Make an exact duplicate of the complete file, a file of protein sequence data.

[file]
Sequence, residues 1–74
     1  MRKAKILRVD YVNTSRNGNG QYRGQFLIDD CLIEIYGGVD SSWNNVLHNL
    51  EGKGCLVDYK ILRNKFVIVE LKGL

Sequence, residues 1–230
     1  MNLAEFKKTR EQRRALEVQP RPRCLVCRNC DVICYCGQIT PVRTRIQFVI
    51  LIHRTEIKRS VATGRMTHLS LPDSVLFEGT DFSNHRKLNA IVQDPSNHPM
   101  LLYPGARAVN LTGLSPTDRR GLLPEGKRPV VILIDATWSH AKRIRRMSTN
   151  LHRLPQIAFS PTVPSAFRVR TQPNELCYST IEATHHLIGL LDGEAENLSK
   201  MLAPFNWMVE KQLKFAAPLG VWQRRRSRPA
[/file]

Sequence, residues 1–74
     1  MRKAKILRVD YVNTSRNGNG QYRGQFLIDD CLIEIYGGVD SSWNNVLHNL
    51  EGKGCLVDYK ILRNKFVIVE LKGL

Sequence, residues 1–230
     1  MNLAEFKKTR EQRRALEVQP RPRCLVCRNC DVICYCGQIT PVRTRIQFVI
    51  LIHRTEIKRS VATGRMTHLS LPDSVLFEGT DFSNHRKLNA IVQDPSNHPM
   101  LLYPGARAVN LTGLSPTDRR GLLPEGKRPV VILIDATWSH AKRIRRMSTN
   151  LHRLPQIAFS PTVPSAFRVR TQPNELCYST IEATHHLIGL LDGEAENLSK
   201  MLAPFNWMVE KQLKFAAPLG VWQRRRSRPA